• 10-Minute Screening Could Reduce Drowsy Driving in Commercial Drivers

    6 June at 17:54 from atlas

    Professional drivers who suffer from sleep apnea and subsequently become sleepy behind the wheel may pose grave safety concerns to our nation's highways.

    According to the National Heart Lung and Blood Institute, obstructive sleep apnea (OSA) is a disorder that occurs when a person's airway collapses or is blocked while sleeping, which can lead to shallow breathing or pauses in breathing during sleep. The major predominant risk factor for OSA is obesity. As many as 40-50 percent of commercial drivers are obese, which means the prevalence of OSA among these drivers is considerably higher than in the general population, researchers said.

    The researchers also pointed out that OSA is the most common medical cause of excessive daytime sleepiness (EDS) and is associated with a two- to seven-fold increase in the risk of motor vehicle crashes. The U.S. Department of Transportation asserts that an estimated 10-30 percent of large truck and bus crashes, which kill 5,000 and seriously injury more than 100,000 people each year, are linked to drowsy driving.

    "Our goal is to develop objective screening methods beyond obesity for obstructive sleep apnea to be used in occupational health settings," said the study's senior author, Stefanos N. Kales, M.D., MPH, Division Chief and Medical Director of Employee and Industrial Medicine at Cambridge Health Alliance, where the study was conducted.

    Psychomotor Vigilance Test

    The researchers set out to determine whether the psychomotor vigilance test (PVT), a 10-minute test of attention, alertness and reaction time, could be used to screen and identify drivers at high risk for OSA/EDS. The test can be administered during a short office visit; requires only brief instruction; is performed on portable, hand-held computers; and can be easily and quickly read and interpreted.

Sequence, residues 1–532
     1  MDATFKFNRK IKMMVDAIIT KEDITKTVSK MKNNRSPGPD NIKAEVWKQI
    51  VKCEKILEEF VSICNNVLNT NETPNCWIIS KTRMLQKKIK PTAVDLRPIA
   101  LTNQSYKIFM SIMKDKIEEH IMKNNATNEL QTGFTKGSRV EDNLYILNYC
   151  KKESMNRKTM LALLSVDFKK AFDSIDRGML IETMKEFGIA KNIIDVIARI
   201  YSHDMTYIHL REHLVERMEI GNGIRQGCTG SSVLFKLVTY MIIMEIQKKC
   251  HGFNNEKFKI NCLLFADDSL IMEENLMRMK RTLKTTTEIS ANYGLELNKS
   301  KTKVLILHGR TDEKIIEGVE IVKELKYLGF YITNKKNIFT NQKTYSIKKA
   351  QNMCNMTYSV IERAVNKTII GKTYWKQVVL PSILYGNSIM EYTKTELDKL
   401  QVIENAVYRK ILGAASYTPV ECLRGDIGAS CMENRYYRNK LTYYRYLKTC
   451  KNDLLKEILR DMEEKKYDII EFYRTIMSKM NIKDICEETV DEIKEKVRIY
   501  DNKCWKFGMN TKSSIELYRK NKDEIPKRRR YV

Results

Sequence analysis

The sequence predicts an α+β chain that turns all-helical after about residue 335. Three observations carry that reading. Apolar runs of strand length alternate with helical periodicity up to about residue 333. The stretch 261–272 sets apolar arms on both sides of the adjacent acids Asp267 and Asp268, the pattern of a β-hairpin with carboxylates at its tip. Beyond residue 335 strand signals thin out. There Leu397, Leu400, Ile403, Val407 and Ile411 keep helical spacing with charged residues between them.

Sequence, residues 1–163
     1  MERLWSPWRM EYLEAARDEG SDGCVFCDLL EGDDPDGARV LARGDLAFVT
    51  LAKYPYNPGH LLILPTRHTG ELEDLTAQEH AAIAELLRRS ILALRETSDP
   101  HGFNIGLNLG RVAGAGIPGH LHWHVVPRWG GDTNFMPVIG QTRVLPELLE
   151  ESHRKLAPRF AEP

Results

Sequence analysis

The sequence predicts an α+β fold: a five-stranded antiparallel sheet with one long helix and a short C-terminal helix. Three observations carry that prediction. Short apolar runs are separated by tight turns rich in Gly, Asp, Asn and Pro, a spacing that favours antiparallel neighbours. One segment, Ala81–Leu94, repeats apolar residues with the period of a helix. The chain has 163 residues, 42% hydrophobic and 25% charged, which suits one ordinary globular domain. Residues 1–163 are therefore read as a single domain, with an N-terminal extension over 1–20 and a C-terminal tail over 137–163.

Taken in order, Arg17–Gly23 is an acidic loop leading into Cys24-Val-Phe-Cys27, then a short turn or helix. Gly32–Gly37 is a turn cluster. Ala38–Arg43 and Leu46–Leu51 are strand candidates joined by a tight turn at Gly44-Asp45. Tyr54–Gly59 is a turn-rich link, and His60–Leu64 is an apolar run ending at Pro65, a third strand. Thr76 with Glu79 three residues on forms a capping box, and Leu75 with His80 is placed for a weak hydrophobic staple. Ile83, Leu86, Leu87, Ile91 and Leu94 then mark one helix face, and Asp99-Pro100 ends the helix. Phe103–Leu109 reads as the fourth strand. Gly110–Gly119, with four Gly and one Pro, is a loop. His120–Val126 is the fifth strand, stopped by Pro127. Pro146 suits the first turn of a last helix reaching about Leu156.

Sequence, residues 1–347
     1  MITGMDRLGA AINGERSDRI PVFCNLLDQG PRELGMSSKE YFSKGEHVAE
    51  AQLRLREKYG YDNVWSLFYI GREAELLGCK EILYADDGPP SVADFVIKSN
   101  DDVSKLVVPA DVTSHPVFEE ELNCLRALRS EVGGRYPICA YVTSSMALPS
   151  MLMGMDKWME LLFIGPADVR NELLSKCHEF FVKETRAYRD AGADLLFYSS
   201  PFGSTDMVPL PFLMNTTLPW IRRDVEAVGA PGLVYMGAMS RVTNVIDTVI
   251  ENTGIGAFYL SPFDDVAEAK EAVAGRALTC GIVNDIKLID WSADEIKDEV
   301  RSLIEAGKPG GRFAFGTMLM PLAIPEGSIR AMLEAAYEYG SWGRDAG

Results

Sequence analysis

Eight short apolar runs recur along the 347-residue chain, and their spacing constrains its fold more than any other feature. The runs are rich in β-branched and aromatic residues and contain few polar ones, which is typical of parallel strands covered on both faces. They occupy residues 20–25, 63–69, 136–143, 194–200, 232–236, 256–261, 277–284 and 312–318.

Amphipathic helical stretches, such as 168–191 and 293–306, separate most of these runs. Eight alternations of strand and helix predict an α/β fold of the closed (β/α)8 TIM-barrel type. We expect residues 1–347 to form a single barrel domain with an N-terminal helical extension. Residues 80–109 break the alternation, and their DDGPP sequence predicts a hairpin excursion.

In the study, 193 male commercial drivers and emergency responders undergoing occupational examinations took a 10-minute PVT and were instructed to achieve their fastest possible reaction times. Participants with discrete patterns of delayed reaction times were categorized as "microsleepers." The study identified 15 microsleepers, representing 8 percent of the study's participants.

    The abnormal alertness and reaction time patterns detected by PVT were found almost exclusively among obese men whose body composition puts them at high risk for OSA. Moreover, the PVT seems to detect people likely to suffer from EDS based on other research, which has suggested that longer lapses in reaction time are highly likely to identify drivers experiencing eye closure, as opposed to simple distraction from the test. Eye closures while on task are consistent with microsleeps.

    If the method and reaction time criteria are refined and validated in this setting, the PVT can be used to identify drivers needing urgent sleep evaluation before being qualified to continue as commercial drivers.

    "This novel use of the PVT is extremely promising as a potential, 10-minute frontline check for sleepiness accomplished at professional drivers' federally mandated licensing exams, similar to vision and hearing screens common in current use," said Kales, who serves as an associate professor at both Harvard Medical School and Harvard School of Public Health.

    The study was published online in the Journal of Occupational and Environmental Medicine.